The residential real-estate market in metro Detroit and Michigan can be summed up fairly quickly: It’s a great time to buy, a tough time to sell. So how did Michael Kalis, managing partner of Plymouth-based Marketplace Homes, sell 100 new homes last year?
The company became a landlord. Under the program, Marketplace will extend a two-year lease, renewable for up to six years, at rates ranging from $800 to $1,500 a month. The company takes care of collecting the rent, maintenance, and upkeep, even if can’t find a tenant.
“If you don’t solve someone’s problems, you’re not going to sell homes, whether [they’re] new or used,” says Kalis, a former sales representative for Pulte Homes Inc. in Bloomfield Hills. Priming sales for Kalis is a $6,500 federal tax credit for existing homeowners who buy a new home (with some restrictions). First-time buyers may qualify for an $8,000 tax credit. The incentive is scheduled to sunset in June.
Jeff Drummond, a medical sales representative, says he and his wife, Emily, turned to Marketplace for a new home after having their first child in the summer of 2008. “I had a two-bedroom condo in Waterford Township, and we just needed more room,” Drummond says. “So Marketplace helped us build a three-bedroom Cape Cod in South Lyon, and now we have another baby on the way. The program has been working, which is a relief, given the state of the housing market.”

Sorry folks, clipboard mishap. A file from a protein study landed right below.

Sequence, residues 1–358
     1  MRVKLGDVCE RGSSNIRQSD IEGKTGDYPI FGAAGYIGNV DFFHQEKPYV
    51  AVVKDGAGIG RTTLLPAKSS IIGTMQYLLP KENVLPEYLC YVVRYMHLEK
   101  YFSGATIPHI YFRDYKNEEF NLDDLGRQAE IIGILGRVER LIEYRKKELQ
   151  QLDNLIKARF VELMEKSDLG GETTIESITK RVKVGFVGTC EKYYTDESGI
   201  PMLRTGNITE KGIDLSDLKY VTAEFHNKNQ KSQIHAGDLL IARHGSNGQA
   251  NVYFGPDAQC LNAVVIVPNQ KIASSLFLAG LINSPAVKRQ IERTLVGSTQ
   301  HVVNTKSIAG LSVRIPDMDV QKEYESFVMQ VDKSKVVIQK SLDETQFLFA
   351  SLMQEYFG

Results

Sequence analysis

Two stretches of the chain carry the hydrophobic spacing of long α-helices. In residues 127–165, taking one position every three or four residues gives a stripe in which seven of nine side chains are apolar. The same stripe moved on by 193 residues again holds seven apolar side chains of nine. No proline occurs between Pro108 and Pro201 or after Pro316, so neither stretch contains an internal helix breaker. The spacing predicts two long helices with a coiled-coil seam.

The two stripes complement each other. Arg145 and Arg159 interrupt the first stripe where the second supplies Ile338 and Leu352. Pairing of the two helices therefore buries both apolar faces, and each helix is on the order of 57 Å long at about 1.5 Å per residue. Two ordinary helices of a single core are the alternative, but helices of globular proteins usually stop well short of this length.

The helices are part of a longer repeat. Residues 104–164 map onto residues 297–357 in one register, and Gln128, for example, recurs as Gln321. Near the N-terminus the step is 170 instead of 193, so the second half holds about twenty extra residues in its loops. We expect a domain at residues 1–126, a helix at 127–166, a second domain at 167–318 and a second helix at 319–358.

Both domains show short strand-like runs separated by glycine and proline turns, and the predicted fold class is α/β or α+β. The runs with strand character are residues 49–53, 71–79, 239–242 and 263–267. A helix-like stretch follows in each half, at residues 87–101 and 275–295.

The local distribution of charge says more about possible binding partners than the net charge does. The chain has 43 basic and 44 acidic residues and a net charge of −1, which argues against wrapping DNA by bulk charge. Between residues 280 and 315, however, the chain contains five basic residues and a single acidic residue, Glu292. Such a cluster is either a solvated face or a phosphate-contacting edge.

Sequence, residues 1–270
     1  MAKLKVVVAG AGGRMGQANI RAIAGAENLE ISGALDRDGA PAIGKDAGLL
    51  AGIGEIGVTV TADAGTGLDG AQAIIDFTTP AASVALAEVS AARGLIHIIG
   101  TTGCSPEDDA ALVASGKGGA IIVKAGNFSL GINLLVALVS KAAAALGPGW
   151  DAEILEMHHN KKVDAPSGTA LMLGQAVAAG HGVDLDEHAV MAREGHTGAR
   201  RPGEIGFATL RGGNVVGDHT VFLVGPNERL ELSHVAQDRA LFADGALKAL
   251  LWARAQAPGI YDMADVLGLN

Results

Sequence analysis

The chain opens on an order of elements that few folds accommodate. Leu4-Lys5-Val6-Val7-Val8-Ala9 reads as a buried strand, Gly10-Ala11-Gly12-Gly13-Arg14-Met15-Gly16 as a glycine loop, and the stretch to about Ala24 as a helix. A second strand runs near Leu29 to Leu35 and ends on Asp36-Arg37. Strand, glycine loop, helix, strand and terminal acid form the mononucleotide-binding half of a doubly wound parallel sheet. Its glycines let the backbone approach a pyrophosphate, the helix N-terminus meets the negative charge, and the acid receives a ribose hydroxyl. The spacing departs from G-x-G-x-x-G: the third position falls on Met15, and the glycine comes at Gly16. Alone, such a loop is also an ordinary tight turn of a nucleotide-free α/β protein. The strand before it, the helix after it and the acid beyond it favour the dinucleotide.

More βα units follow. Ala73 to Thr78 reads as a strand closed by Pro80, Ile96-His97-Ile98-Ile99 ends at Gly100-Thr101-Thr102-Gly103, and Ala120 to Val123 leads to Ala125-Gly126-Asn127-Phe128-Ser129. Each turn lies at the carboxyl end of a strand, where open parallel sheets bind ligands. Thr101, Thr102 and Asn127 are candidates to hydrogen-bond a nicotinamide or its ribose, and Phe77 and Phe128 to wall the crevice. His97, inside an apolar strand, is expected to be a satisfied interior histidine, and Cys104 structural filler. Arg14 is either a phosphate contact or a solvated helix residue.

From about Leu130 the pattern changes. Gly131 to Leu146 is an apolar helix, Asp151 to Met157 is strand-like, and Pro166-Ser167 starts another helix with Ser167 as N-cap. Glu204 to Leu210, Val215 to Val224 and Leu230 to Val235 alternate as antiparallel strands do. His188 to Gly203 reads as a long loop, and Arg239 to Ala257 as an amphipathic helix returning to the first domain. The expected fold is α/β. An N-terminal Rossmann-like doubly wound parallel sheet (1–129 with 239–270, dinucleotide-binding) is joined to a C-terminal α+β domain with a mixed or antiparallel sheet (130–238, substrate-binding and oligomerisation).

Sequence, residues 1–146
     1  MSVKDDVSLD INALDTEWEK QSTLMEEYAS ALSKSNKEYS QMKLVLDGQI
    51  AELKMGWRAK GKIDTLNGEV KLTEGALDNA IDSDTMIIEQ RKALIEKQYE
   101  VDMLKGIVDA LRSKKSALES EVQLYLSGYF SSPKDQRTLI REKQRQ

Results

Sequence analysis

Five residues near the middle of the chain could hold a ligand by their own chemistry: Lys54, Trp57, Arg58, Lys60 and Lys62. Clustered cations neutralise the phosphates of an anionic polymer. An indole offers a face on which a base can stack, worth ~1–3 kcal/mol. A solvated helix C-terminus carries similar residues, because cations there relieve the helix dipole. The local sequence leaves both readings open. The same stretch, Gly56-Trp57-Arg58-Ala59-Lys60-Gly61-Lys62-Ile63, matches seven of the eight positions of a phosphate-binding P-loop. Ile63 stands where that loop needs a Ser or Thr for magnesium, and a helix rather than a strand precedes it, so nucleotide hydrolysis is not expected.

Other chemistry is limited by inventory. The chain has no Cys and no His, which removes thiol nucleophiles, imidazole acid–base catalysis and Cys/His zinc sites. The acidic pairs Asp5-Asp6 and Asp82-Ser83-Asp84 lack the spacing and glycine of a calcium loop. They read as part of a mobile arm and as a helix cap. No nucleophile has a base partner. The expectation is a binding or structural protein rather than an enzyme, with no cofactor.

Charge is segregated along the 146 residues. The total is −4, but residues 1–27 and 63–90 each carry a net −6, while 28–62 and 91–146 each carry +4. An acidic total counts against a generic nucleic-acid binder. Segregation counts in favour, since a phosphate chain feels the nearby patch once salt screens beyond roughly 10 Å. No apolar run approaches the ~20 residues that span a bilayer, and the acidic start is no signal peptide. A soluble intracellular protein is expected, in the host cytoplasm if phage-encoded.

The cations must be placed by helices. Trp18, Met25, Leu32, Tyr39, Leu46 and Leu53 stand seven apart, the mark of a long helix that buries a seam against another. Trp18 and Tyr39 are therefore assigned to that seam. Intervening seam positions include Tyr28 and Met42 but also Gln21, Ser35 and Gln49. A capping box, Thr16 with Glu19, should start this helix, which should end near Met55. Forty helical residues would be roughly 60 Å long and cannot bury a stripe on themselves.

Offering access to hundreds of lots in 40 different communities in the region, including Lombardo Homes in Washington Township, Marketplace requires that a buyer select a model from one of its partner builders. Kalis says new home prices range from $140,000 to $400,000. The company makes money from real-estate commissions, as well as from rentals (assuming a profit is realized on the lease).